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Plain old NaCl salt can slightly lower the vapour pressure of water for a given temperature. Other salts such as CaCl₂ lower the vapour pressure to a larger degree.

Do any salts, or compounds of any type, do the reverse, and raise the vapour pressure of water? Is this provably impossible/possible?

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    $\begingroup$ Consider why the salts lower the vapor pressure. Now consider how the opposite effect could happen. $\endgroup$
    – Jon Custer
    Commented Aug 2, 2021 at 21:57
  • $\begingroup$ @Mithoron Isn't that the melting point, not boiling point? $\endgroup$ Commented Aug 3, 2021 at 18:39

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Chemistry is very complicated and I'm probably missing certain edge cases, but I think the answer is almost certainly 'no'.

Salts lower the vapour pressure of water because intermolecular forces attract the salt ions to the water, raising the energy needed for water molecules to escape.

In order for water's vapour pressure to rise, the salt would need to (on average) repel the water ions, the typical term for this is an insoluble salt.

Alternatively, something in the gaseous mixture could attract the water molecules, but this is going to be difficult, since the defining feature of gases is their minimised inter molecular forces.

I'd note this is not a rigorous proof, but I cannot see a way around it. Perhaps the minimal amounts of insoluble salts that dissolve in water due to the statistical nature of chemistry raise the vapour pressure?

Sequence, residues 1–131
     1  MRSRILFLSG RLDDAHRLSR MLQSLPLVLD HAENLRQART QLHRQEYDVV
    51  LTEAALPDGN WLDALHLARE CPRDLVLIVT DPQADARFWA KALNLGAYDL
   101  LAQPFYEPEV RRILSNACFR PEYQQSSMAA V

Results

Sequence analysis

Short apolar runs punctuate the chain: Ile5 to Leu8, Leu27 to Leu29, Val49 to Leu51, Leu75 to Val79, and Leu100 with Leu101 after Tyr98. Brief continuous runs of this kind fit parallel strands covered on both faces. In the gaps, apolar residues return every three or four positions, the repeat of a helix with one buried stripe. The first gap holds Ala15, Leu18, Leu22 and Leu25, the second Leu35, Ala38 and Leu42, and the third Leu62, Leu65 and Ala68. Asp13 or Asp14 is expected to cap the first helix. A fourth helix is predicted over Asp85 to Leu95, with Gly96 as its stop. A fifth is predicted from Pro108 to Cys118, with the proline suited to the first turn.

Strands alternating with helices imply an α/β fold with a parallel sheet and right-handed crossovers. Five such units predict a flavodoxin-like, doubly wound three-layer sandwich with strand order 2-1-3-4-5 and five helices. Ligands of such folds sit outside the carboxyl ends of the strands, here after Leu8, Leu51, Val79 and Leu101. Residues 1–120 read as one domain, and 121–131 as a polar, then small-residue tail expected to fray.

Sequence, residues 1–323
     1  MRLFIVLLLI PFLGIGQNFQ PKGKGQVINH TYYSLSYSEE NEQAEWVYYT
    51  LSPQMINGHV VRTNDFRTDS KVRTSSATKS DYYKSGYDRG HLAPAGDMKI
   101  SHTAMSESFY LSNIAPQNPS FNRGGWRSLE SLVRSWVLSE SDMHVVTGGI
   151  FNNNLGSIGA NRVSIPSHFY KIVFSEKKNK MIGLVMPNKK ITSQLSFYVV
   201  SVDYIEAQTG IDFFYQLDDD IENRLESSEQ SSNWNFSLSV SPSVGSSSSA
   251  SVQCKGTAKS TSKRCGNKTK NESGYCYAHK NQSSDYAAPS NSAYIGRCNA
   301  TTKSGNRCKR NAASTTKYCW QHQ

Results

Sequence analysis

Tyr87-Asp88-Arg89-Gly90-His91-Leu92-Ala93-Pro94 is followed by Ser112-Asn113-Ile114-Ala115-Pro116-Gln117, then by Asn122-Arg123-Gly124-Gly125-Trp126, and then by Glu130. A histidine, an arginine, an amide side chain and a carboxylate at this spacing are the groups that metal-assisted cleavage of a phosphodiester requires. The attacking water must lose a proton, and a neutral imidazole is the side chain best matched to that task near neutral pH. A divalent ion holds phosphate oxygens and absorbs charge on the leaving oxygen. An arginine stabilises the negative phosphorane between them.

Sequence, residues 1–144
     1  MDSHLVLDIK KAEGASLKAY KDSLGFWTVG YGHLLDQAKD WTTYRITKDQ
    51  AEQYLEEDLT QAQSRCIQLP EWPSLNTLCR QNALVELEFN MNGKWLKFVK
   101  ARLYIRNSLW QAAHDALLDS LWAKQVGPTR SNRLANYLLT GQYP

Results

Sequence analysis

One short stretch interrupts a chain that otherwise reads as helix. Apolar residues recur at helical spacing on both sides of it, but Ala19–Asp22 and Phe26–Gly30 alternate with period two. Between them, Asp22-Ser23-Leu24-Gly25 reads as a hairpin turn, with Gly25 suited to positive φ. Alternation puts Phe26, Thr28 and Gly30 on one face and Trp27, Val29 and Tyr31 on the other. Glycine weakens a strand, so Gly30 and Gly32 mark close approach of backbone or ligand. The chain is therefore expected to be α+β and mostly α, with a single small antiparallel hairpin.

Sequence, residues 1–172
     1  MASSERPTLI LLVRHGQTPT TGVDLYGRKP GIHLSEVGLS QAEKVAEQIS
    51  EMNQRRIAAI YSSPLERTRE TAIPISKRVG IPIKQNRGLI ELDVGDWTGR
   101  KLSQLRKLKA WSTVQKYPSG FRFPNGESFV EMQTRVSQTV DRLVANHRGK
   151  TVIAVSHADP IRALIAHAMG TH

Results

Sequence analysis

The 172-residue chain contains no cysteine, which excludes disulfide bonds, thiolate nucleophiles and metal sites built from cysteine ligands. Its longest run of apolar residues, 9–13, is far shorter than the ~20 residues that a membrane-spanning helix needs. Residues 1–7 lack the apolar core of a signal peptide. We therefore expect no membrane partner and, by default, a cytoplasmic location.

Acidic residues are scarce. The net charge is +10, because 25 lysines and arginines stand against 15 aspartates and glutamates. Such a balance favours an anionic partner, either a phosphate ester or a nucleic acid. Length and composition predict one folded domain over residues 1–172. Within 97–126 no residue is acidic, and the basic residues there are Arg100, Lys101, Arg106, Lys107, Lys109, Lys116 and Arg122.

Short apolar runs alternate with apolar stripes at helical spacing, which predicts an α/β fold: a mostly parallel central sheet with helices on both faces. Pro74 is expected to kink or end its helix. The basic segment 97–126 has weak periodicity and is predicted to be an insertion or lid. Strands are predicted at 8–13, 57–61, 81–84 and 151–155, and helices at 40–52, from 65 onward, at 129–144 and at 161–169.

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You should probably look at understanding colligative properties.

Effectively non volatile salts lower the vapour pressure by taking the place of water. Colligative means only depending on the amount not the nature. Just the fact they are there, rather than interacting is what counts. Calcium chloride has more of an effect as there are more ions, 2 vs 3 for sodium chloride.

If you need to know more try here. https://chem.libretexts.org/Courses/University_of_Arkansas_Little_Rock/Chem_1403%3A_General_Chemistry_2/Text/13%3A_Solutions/13.04%3A__Colligative_Properties

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That is an interesting question. The vapor pressure of water at a given T is defined by its chemical potential which is effectively the amount of water present. Dissolving anything in water, or anything for that matter, lowers its concentration and its chemical potential, thereby decreasing its vapor pressure. At first blush it seems that the vapor pressure must be lowered. However, there exist low boiling azeotropes where the VP of at least one of the components is raised so there is a mechanism by which VP can be higher than normal. This can be accomplished by physical means, the best example being reverse osmosis. Applying pressure to a water solution raises its chemical potential compared to pure water. This phenomenon must exist in membranes especially in living cells. What is needed is a solute that increases the pressure on the water molecules, a hydrophobic hydrogel, an oxymoron, but who knows?

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